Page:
I'd like to try to write a review of the Sufjan Stevens concert I saw last night in Buffalo, NY (which will be challenging to put into just a few words). The venue was the Asbury Hall which appears to be an old church that has been renovated to host concerts - there are still balconies along the 2 sides and the back but the main space is empty, so people need to stand. We (that is, Alison and her friends) had friends who got there quite early so they saved us great balcony seats. The show is billed as "Surjohn Stevens Christmas Sing-A-Long Seasonal Affective Disorder Yuletide Disaster Pageant on Ice." We got a song booklet when we came in with an awesome quote from John Wesley on the cover: "Sing lustily and with good courage. Be aware of singing as if you were half dead or half asleep; but lift your voice with strength. Be now more afraid of your voice now, nor more ashamed of its being heard, than when you sung the songs of Satan." The crowd was interesting - many people had dressed up for the occasion in Santa hats, tacky Christmas sweaters, and a couple came in full Santa Claus gear. Unfortunately we had to do a lot of waiting - we got there before 6:30 and Sufjan didn't come on until after 9:00! The stage was not that big and it was just stuffed with equipment and tacky Christmas decorations, including an angel holding a candle which moved its head and arms slowly, huge tinsel curtains, and a menorah.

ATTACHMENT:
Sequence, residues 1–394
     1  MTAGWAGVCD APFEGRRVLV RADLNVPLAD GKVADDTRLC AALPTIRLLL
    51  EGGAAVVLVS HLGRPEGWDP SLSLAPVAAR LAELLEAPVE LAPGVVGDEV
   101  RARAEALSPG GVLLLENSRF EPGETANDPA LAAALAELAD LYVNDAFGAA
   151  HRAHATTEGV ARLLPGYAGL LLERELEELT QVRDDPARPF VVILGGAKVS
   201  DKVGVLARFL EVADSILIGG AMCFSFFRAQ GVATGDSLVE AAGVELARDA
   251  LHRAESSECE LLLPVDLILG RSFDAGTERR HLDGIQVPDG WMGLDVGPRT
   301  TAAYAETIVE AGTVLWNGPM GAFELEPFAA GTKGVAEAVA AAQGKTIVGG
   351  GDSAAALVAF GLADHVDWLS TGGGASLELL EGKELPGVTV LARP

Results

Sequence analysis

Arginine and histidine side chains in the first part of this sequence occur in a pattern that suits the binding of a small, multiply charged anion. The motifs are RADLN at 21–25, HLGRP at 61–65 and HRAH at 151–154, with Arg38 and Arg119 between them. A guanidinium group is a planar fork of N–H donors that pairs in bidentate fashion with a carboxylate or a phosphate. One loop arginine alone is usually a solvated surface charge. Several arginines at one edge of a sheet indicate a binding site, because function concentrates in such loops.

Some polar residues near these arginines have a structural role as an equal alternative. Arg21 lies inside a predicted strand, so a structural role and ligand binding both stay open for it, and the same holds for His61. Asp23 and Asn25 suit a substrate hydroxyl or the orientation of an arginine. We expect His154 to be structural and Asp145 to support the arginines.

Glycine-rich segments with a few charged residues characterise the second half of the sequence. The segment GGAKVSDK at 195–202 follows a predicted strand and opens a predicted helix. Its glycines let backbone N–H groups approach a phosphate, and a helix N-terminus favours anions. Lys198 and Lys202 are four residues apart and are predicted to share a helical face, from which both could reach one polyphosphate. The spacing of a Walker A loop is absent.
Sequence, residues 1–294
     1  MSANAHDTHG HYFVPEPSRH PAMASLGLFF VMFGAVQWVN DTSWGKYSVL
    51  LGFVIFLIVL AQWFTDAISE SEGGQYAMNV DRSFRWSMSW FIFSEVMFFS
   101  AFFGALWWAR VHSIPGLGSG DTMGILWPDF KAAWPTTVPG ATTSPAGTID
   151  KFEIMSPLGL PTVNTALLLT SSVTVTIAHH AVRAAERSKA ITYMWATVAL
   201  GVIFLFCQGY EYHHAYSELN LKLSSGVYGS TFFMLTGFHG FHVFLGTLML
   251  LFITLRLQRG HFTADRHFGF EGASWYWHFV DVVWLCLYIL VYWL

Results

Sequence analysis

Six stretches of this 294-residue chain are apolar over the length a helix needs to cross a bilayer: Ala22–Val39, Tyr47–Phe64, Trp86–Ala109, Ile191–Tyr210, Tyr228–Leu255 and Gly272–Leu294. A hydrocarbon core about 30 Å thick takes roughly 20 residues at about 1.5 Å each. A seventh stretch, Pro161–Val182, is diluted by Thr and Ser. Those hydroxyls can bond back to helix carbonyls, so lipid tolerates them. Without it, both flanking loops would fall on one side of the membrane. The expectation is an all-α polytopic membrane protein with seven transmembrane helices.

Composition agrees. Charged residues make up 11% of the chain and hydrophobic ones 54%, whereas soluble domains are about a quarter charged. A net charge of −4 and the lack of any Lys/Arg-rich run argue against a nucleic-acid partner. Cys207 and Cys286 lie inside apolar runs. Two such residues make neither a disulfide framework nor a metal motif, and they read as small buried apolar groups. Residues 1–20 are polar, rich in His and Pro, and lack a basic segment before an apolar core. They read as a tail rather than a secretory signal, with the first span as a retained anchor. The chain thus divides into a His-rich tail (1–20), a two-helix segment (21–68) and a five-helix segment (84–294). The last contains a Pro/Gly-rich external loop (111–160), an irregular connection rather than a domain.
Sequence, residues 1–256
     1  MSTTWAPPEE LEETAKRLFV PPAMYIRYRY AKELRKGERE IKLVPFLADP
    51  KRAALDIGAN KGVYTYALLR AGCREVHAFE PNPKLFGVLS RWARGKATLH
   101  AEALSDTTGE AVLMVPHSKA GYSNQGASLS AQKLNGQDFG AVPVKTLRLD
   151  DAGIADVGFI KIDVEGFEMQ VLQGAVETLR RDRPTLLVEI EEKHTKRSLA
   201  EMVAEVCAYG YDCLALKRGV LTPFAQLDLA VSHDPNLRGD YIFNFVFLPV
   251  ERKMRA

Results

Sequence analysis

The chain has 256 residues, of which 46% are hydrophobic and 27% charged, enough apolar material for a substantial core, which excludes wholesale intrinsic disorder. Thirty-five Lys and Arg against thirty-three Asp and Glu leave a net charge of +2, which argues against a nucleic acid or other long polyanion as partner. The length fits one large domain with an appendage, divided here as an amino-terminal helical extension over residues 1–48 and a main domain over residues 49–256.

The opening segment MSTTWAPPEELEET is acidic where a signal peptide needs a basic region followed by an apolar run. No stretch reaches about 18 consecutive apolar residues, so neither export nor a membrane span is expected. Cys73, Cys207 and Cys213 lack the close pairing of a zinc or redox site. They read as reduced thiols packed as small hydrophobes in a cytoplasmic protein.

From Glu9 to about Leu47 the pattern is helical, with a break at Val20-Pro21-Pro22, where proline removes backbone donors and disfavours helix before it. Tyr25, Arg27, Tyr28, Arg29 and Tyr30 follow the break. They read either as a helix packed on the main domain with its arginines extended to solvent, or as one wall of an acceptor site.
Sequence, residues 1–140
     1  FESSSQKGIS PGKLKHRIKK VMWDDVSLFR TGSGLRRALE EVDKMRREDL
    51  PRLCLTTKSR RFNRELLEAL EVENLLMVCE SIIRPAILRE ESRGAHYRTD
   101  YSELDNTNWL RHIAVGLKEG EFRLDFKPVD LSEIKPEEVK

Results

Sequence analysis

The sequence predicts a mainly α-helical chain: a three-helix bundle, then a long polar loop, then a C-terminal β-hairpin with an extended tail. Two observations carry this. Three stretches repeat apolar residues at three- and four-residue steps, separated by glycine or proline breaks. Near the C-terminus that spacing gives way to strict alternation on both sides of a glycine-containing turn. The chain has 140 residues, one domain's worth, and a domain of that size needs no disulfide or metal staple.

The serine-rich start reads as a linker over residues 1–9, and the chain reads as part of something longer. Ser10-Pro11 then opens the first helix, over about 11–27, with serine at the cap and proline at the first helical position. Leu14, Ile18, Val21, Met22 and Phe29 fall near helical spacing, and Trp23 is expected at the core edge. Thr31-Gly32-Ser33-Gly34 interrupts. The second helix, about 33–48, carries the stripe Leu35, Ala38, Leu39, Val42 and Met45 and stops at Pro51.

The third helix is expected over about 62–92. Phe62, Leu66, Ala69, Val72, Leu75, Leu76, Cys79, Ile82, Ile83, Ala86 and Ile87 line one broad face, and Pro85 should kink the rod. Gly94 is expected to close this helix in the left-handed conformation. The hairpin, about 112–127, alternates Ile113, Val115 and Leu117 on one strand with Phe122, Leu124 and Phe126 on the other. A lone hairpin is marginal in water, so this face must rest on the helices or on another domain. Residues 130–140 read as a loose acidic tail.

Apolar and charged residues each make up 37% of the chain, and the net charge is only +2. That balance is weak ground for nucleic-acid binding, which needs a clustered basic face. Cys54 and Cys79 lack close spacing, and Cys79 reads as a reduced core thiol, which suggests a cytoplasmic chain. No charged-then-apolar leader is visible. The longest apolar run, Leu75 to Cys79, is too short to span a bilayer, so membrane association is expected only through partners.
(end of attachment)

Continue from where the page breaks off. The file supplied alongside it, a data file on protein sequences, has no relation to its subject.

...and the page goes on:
About 8:00 Sheila Saputo did a pretty entertaining comedy routine. Then, eventually, to raucous applause, 6 musicians came on stage in wild costumes: Frosty, Super Chicken, Skeletor, a girl in a nun's habit and Alcatraz t-shirt, Sufjan himself decked out with lots of tinsel, a cape and red boots. Some of the stuff they had on was phosphorescent, including some tape on Sufjan's arms, so it glowed under special lighting. Then the music began and it was at once celebrative, varied, intricate, interesting, moving, and fun. There was so much to see and hear - it was a real Christmas party, complete with horns, noisemakers, streamers, balloons, blowup Santas and unicorns being thrown into the crowd. Sufjan's main instrument was the piano but he also picked up the guitar quite a bit, used the banjo a few times, grabbed percussion instruments or noisemakers, often reached back to hit the chimes and played some kind of electronic rack too. During the very cool "Do You Hear What I Hear" he alternately sang into 2 microphones, one of which was attached to a voice modulator. Every once in a while the band would set aside their instruments and do a verse of an ancient hymn (for example "Lo, How a Rose E'er Blooming") in beautiful 4-part harmony. The guys in the band moved between a number of instruments - the bass player also played trombone, trumpet, and tuba!